A couple Fridays ago, I gathered together a group of nine for lunch at The Palm, the renowned restaurant in downtown Washington, D.C., to celebrate the 20th anniversary of the incorporation of my own news service, called Century News Service, Inc. at first, but officially switched to Benton News Service, Inc. in 2002.
It was on Oct. 17, 1987 that I was officially "in business" for myself for the very first time in my life as an adult, notwithstanding that I invented and published my own newspaper, The Benton Star, at age 7 and did a number of other ventures of that type, including founding the newspaper at my junior high school, which did not pay all that well.
Leading into the 20th anniversary of Benton Communications, Inc. this month, I'd given thought to a more elaborate celebration. But preoccupation with the day-to-day running of the Falls Church News-Press, which I founded in 1991 and is well into its 17th year, and other distractions left that idea on the back burner. When the time approached to celebrate in some fashion, at least, I think the lunch at The Palm was most appropriate and completely sufficient.
First of all, The Palm is routinely ranked as the Number One "power lunch" destination in D.C., which in recent years had become a favorite of mine if only for its fresh soft shell crabs. I need not "name drop" to identify the political-type celebrities we often encounter there.
Secondly, it was while in Washington, D.C. and covering the White House press briefings on a daily basis, that I made the move to go into business for myself in the fall of 1987, so being at a famous D.C. political haunt made sense.
Thirdly, my particular company that day had special meaning for me. It was composed of my priceless managing editor, Jody Fellows, seated to my left, and Simon Van Steyn, seated to my right. I'd hired both Jody and Simon while they were in high school to work at the News-Press more than a decade earlier. In 2001, after graduating college, Jody came on full time and has made a world of difference. Simon has become a good personal friend and is often my companion at special D.C. events. Then there were my friends Bob Burnett and Ruben Rodriguez.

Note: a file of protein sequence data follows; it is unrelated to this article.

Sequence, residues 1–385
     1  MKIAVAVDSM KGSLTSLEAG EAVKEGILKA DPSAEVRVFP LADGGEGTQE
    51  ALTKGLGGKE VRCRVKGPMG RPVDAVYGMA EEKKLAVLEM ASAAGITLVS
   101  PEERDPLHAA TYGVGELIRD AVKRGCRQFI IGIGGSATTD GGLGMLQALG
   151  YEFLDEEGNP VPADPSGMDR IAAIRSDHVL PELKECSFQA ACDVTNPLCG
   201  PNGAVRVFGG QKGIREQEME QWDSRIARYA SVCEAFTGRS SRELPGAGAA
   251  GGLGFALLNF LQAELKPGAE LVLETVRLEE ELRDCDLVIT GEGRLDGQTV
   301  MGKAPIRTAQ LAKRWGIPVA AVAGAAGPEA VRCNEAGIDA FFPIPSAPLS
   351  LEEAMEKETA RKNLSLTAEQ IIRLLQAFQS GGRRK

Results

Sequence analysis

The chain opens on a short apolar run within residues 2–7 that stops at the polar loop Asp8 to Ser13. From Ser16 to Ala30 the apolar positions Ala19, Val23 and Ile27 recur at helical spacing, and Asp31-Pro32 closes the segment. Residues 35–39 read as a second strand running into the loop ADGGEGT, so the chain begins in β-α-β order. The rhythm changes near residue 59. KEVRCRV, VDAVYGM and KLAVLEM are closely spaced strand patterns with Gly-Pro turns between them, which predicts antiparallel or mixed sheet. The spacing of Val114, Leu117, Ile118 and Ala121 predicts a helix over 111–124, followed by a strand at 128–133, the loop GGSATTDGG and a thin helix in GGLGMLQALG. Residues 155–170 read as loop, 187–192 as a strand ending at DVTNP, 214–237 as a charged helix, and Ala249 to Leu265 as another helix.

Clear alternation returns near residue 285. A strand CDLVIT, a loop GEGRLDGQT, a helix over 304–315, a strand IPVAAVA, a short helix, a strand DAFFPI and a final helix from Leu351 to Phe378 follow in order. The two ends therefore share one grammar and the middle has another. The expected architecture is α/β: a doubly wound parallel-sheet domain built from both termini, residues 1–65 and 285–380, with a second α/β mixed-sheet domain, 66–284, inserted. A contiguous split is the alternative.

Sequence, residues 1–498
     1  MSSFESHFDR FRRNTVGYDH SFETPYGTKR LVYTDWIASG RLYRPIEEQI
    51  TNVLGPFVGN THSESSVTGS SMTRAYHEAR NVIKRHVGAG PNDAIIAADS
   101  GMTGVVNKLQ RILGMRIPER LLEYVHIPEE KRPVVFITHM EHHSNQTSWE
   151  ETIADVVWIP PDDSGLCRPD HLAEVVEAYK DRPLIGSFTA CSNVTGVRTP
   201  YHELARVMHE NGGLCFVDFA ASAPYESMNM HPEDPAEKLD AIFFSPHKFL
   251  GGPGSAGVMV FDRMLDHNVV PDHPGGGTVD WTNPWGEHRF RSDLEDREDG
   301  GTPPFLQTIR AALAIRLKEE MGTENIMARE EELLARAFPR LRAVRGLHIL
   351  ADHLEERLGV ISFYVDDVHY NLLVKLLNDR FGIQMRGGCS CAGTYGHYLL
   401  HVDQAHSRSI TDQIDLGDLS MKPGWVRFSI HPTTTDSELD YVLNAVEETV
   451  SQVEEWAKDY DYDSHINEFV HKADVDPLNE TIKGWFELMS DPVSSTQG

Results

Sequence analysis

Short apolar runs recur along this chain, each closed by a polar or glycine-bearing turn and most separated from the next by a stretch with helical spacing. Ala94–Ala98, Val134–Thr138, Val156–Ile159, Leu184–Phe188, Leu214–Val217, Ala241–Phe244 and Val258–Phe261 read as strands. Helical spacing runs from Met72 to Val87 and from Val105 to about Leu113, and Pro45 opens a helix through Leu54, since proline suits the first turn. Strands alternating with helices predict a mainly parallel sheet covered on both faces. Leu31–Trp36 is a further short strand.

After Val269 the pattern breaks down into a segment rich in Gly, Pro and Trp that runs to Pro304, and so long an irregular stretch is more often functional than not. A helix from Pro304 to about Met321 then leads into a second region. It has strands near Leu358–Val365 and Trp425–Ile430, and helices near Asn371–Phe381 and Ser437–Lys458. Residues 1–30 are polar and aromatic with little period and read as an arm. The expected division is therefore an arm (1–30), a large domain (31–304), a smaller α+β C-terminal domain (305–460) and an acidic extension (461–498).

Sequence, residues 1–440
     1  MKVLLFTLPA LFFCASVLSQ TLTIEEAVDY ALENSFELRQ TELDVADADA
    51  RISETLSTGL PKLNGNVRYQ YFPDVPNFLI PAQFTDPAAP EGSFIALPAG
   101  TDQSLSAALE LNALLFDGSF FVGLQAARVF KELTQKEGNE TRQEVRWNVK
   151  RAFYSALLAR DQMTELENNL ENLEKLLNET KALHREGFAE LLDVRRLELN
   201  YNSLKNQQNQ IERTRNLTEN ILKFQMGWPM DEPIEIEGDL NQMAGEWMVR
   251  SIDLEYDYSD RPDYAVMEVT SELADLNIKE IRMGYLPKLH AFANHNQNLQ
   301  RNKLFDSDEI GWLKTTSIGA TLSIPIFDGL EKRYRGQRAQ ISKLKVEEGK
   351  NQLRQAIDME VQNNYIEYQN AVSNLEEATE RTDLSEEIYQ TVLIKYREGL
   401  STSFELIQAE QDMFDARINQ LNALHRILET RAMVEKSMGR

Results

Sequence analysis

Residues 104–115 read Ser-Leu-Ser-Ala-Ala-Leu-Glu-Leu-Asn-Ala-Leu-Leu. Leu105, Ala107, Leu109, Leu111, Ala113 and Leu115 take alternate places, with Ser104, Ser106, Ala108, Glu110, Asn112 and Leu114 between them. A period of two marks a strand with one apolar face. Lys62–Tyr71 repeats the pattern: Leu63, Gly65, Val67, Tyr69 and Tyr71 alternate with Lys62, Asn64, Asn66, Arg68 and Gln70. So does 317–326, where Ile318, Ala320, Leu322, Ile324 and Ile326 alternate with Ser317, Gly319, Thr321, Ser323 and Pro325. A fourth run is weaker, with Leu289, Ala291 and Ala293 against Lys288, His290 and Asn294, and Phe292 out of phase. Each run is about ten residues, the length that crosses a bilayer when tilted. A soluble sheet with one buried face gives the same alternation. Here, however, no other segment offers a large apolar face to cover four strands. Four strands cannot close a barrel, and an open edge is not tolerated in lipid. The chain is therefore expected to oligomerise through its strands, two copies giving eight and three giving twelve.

Then there was Frank Kameny, a man in his 80s now, who is recognized as a pioneer of the gay liberation movement, as outspoken still now as I ever was when I was also a pioneer (though not as long ago as he) for that movement in the San Francisco Bay Area in the late 1960s. I am very proud to say that I can count Frank among my friends at this point in our lives.
The final three guests at the table were the chief local executive for the Washington Blade, Jake Spencer, long-time Blade staff writer Lou Chibbaro, and Blade news editor Joey DiGuglielmo, all of whom I'd come to know through a variety of friendly encounters during the past year or so. The Blade serves the gay community in Washington, D.C., along with the Metro Weekly (the owner of that, Randy Shulman, also being a friend of mine). Their presence affirmed a level of candor and integrity for me, at the same time as it reflected our unique shared world of alternative weekly newspapers. There were a couple others I wanted to be there, but who couldn’t.
It was a revelation for Joey to learn that the circulation, mostly in Northern Virginia, of my Falls Church News-Press at 36,500 matched, almost exactly, the circulation number of The Blade. Simon presented me with a gift, a vintage 1972 vinyl 33 1/3 recording of an early Bette Midler album, called "The Divine Miss M." Simon knows how much I love Bette. I did not hesitate the next day to buy a special frame for it which now is up and displayed in my home.
As if to honor the 20 years, I had the 20-oz. aged bone-in New York Strip, a The Palm specialty, and Jody matched me with a gigantic rib eye. Frank had two small sirloins and Bob a steak. Others were more health-conscious in their choices, including Lou with a salmon steak, Jake and Joey with salads, Simon with crab cakes, Ruben with a Japanese bento box. Some also had the Louisiana craw fish soup, and big side orders of scalloped potatoes and sautéed and creamed spinach were passed around. It was Friday, so celebratory cocktails were in order for some. The waiter said that James Carville was in the house, and a TV crew from PBS was wandering around filming the lunch crowd.
But this was our very personal celebration, and for me it could not have meant more. The anniversary, the location, the friends. Perfect.